Sergei is an artist. He was born in Elista but moved to Leningradskaya oblast’ in 2009 where now he runs an art studio, Red Star, with his wife Galina. Sergei’s parents are from the village of Aktyubeevka in Astrakhan oblast’. Sergei’s father was also good at drawing, although he did not have a formal art education. In 1957 the family returned from Sakhalin to Elista where Sergei was born. After finishing art school in 1984, Sergei worked as an artistic editor at the Kalmyk Printing House for more than 10 years. He worked with many Kalmyk writers, including Oleg Mandzhiev, Egor Budzhalov and others. In 2004 he was appointed chief painter in the Kalmyk Drama Theatre where he helped stage four plays, including ‘Temudzhin, my best friend’, ‘Nyudlya – a farewell confession of love’, ‘The blue bird’, and ‘The servant to two lords’. Sergei characterizes his painting style as European ‘naïve lyric expressionism’. His wife Galina, in contrast, paints in an ethnic style. A series of her paintings titled ‘The soul of the Mongolian warrior’ was very successful. Sergei finds artistic inspiration in his family and the city of St Petersburg. He tries to finish any painting in one go. Before embarking on a new painting, he talks to people, makes observations and ponders. In his art studios Sergei teaches children how to illustrate fairy tales. His students are encouraged to read books and use their imagination in their drawings. According to Sergei, Garri Rokchinskiy was a classical Kalmyk artist. Since development in any country is impossible without developing and supporting art, Kalmyk artists need state support. Sergei heard many stories from his father. One story: In their clan there was a woman who was the most powerful wrestler in the region. One day a famous male wrestler from another region came to compete with her. After beating her guest, the female wrestler exposed her gender. Out of shame (that he was beaten by a woman), the guest wrestler committed suicide. Another story: When he was a boy, Sergei’s grandfather witnessed snakes protecting the Khosheutovskiy Temple. When the Bolsheviks set out to destroy the temple, they encountered all sorts of natural and supernatural impediments. The relics on the roof were removed with great human loss, since whoever climbed up the roof fell to the ground and died. When the disassembled parts of the temple were finally put on the barge to be transported down to Astrakhan’, the wind blew with such force that the barge swayed right and left. At the end of the interview Sergei shows a series of his paintings titled ‘The yellow taxi’. The paintings depict a colorful fusion of people, St Petersburg, flowers and cars.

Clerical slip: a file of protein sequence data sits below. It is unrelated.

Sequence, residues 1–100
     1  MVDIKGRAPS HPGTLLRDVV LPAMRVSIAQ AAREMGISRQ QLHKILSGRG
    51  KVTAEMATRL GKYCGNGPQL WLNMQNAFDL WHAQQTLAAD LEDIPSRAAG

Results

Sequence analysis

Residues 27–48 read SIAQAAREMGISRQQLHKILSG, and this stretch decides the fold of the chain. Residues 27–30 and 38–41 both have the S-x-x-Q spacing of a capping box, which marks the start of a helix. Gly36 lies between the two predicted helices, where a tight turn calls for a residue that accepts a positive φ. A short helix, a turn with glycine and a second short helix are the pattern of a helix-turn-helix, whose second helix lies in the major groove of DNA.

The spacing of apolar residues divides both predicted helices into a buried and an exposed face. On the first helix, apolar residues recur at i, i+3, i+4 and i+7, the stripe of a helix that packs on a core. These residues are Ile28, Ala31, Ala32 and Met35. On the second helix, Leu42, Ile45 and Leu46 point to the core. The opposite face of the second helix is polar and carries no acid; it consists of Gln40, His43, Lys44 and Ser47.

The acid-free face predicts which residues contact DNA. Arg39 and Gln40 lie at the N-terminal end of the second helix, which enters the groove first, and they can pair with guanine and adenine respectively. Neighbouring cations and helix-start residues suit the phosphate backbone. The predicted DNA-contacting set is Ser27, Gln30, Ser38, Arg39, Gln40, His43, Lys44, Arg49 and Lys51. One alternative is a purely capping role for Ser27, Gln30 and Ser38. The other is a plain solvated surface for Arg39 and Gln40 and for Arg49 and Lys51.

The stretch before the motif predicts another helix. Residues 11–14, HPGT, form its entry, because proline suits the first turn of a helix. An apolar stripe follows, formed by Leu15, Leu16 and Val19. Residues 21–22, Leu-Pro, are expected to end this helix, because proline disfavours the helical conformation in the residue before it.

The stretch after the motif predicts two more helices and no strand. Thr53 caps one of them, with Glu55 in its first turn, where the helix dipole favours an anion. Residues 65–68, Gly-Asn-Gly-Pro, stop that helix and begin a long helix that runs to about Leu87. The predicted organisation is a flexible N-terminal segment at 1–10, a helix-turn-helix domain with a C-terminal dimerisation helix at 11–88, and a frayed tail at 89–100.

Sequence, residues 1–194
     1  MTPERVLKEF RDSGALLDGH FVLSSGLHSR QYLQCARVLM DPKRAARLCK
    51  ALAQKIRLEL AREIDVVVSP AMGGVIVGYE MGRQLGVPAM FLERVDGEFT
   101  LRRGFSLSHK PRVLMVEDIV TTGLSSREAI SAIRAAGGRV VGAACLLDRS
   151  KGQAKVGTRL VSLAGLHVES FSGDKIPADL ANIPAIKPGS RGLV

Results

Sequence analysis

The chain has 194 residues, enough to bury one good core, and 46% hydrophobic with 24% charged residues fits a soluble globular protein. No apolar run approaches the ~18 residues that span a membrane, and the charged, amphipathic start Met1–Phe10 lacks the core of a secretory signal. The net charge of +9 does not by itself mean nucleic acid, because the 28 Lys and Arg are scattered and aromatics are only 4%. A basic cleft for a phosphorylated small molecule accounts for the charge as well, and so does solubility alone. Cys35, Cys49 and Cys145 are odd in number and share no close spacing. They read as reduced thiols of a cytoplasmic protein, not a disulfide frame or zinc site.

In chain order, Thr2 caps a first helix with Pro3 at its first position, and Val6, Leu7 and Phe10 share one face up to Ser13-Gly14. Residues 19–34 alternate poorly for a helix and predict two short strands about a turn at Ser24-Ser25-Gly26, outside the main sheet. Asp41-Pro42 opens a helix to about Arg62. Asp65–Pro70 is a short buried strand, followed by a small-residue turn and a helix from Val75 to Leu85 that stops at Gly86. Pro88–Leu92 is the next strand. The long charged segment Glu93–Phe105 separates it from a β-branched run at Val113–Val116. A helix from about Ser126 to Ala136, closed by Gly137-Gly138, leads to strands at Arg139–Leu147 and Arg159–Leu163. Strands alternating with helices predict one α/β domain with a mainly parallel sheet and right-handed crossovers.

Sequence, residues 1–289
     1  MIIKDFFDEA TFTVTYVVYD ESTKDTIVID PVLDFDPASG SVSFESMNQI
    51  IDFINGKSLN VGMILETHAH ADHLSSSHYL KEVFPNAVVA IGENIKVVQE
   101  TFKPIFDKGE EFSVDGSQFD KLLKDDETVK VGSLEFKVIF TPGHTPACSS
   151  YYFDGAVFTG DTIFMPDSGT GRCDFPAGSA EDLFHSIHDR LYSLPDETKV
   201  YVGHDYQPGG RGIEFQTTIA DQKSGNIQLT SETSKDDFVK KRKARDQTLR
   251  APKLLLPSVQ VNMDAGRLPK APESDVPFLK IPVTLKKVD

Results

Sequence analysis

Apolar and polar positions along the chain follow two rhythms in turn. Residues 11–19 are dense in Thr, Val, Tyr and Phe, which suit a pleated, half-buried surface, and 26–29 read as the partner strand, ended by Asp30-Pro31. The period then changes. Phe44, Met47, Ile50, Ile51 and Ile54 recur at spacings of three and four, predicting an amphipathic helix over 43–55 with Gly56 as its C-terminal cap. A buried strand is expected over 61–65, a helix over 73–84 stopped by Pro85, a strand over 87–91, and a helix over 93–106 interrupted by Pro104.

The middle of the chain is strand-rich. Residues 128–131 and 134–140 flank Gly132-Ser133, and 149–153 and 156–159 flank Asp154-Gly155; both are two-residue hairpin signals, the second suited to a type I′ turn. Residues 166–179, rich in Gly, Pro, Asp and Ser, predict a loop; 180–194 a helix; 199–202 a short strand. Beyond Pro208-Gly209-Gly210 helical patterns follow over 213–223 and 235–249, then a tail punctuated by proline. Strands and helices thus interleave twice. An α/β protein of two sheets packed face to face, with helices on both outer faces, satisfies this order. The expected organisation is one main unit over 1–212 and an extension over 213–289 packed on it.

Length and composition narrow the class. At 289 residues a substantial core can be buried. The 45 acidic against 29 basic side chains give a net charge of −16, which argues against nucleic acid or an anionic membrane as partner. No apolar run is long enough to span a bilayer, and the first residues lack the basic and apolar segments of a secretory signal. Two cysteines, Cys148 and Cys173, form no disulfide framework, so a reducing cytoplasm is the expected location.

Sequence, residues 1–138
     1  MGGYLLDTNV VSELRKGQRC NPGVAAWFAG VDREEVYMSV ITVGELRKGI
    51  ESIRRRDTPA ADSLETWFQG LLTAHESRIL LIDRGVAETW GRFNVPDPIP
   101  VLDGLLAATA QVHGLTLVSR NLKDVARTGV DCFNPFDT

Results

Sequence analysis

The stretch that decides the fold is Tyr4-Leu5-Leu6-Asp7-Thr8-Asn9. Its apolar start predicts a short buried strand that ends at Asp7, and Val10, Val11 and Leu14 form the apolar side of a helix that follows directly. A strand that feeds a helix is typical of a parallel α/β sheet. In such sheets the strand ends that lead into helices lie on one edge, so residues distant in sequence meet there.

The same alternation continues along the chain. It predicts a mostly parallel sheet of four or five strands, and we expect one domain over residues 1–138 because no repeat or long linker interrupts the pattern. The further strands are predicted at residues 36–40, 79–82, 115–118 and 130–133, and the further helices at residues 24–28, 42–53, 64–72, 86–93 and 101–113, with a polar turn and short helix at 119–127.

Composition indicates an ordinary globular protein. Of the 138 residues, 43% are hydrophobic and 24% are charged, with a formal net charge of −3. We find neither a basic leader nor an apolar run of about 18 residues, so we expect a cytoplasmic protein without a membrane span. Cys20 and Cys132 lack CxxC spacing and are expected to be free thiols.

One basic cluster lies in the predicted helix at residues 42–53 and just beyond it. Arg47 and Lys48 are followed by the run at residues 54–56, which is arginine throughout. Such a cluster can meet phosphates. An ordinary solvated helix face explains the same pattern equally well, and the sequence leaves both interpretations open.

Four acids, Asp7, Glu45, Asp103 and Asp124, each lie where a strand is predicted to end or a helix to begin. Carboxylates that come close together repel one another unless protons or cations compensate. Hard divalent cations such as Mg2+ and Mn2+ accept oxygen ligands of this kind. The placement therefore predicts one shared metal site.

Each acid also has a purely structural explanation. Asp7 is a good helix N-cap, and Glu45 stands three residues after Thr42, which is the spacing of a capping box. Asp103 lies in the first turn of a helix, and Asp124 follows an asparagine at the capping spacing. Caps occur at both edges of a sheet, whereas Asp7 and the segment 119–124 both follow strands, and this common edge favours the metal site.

Sponsored by Arcadia Fund, a charitable fund of Lisbet Rausing and Peter Baldwin.